Hines rebrands flood-damaged highrise in SF, now called Spera

Residents return to 35-story luxury tower at 33 Tehama after two water disasters in 2022

Hines Rebrands Flood-Damaged Highrise in San Francisco
Hines' Jeff Hines and Laura Hines-Pierce and 33 Tehama in San Francisco (Hines)

Hines hopes to turn its back on two floods that pushed out 400 tenants two years ago from its San Francisco luxury highrise. The firm’s turnaround strategy: change its name.

After $7 million in repairs, the Houston-based developer has hung a new shingle outside the 35-story luxury tower at 33 Tehama Street, in South of Market, the San Francisco Chronicle reported.

Bold, white letters pasted across windows near the bottom of the 403-unit tower read “SperaSF.com: Now Leasing” — obliterating the former “33Tehama.com.” 

Whatever its origin, the new Spera brand has permeated the development’s website, which shows hipsters running a pool table inside a lofty apartment, cuddling in an outdoor hot tub or swinging a bottle of Inner Circle champagne.  

A banner proclaims newcomers who move into the green-tinted tower before the end of the month can get eight weeks of rent for free. Rents range from $3,147 for a one-bedroom unit to $6,083 for a two-bedroom apartment, according to Apartments.com.

It’s a far cry from June 2022, when a pipe burst on the building’s top floor, sending 20,000 gallons of water cascading through the tower, forcing the evacuation of at least 400 residents.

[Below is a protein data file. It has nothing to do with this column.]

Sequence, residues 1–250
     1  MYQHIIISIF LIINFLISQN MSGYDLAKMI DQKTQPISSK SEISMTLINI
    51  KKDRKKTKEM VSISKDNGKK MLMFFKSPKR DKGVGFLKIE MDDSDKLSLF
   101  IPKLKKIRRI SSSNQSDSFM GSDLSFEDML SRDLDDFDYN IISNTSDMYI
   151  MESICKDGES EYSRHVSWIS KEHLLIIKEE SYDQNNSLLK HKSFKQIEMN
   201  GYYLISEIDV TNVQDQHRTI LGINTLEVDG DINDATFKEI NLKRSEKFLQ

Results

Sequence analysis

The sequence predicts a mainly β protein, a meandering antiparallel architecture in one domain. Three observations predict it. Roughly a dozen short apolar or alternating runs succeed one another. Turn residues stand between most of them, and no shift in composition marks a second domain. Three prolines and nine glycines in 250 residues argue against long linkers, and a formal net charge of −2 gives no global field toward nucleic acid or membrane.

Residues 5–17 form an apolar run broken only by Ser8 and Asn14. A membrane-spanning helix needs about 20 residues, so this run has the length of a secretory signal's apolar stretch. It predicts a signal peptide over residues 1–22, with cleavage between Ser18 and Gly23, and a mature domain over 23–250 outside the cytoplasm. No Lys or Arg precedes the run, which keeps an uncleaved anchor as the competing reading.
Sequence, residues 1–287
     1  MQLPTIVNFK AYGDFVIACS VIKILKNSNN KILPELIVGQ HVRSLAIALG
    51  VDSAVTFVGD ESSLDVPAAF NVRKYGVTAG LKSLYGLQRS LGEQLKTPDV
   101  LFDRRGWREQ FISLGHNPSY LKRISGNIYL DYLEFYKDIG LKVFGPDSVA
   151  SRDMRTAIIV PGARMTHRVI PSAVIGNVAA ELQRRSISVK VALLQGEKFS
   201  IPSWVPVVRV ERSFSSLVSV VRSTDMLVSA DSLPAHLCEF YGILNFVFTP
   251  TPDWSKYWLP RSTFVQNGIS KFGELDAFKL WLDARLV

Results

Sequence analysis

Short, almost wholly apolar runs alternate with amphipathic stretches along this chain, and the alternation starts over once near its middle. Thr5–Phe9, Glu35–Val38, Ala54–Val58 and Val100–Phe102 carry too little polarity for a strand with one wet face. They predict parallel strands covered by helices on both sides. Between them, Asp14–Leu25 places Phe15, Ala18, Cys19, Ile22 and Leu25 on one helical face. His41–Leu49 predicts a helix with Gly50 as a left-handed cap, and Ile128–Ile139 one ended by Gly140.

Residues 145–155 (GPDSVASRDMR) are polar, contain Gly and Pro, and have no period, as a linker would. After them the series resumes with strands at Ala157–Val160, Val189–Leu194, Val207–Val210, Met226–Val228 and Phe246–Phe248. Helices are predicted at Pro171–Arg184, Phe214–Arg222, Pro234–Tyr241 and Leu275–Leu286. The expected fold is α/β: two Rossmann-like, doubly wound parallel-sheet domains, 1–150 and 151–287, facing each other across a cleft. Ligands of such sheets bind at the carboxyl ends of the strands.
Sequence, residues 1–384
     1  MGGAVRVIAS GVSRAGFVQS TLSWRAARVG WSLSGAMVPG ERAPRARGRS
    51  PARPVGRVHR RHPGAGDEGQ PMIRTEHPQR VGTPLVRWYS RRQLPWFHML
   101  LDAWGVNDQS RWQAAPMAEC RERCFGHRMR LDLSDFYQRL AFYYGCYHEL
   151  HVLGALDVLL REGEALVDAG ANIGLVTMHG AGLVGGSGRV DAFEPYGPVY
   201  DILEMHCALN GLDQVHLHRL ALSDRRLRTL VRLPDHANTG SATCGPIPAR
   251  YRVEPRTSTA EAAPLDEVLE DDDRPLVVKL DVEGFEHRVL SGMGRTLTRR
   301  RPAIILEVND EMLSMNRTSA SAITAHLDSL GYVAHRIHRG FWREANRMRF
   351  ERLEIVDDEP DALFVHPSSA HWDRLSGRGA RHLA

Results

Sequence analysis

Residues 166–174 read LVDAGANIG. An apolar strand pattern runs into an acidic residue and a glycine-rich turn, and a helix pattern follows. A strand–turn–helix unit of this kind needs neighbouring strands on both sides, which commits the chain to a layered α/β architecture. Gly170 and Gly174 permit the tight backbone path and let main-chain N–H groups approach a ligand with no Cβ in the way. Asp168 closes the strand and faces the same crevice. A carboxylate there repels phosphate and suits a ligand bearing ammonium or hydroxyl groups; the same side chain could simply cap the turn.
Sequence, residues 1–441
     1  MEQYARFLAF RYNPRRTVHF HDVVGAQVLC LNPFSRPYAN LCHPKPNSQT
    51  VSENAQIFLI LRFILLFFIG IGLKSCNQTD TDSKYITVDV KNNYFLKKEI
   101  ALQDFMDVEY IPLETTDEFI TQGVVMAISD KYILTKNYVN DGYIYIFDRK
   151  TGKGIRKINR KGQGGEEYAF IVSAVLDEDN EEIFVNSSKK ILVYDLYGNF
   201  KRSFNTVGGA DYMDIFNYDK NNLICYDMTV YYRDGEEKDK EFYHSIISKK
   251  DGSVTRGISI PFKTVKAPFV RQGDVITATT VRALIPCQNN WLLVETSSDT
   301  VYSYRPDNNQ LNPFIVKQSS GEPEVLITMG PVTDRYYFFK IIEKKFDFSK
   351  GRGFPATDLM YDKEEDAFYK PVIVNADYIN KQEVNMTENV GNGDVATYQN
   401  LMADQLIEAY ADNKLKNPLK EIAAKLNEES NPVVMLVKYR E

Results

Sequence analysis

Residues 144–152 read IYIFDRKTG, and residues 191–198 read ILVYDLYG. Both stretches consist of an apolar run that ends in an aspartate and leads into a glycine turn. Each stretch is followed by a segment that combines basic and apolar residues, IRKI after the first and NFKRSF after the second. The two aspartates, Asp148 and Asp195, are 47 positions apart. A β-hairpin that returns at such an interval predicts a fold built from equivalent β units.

Just as tenants were told they would be able to move back by fall, a second flood in August drowned the dream of returning home. Nearly 100 apartments were damaged by the deluge.

Hines worked 19 months to repair the damage caused by a water main failure atop the luxury highrise, finally allowing tenants to move back in January.

Marisa Monte-Santoro, a spokeswoman for Hines, told the Chronicle that 33 Tehama was 95 percent occupied when the flooding occurred and that a third of the tower’s original residents have moved back home.

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This month, the newly named Spera was 43 percent occupied, with 129 units filled, of which 113 represent returning tenants who lived in the building before the floods. An additional 50 new leases have signed leases since the building reopened, according to Hines.

“We are delighted to welcome these residents home,” Santoro told the newspaper, adding that spring leasing has been strong. 

For some of the building’s original tenants, Hines must be held accountable for the summer disaster of two years ago.

The developer of the Salesforce Tower faces at least three lawsuits related to the floods,  alleging the company’s actions before and after amounted to negligence. One lawsuit was filed in April. 

A Hines representative denied all of the allegations in the first two legal complaints, saying the company had “worked tirelessly to repair the building.”

Tenants were outraged about allegations of theft, including video footage of what appears to be a contractor stealing stuff from an apartment undergoing repairs. Hines acknowledged the theft last year, firing the contractor and ramping up security surveillance.

Hines hopes new tenants moving into Spera will embrace its 360-degree views of the bay, a rooftop social club, new concierge offerings plus new art to be installed this summer.

“This exceptional property is entering a new chapter,” Santoro told the Chronicle, “and we are delivering an elevated living experience to our residents.” 

— Dana Bartholomew

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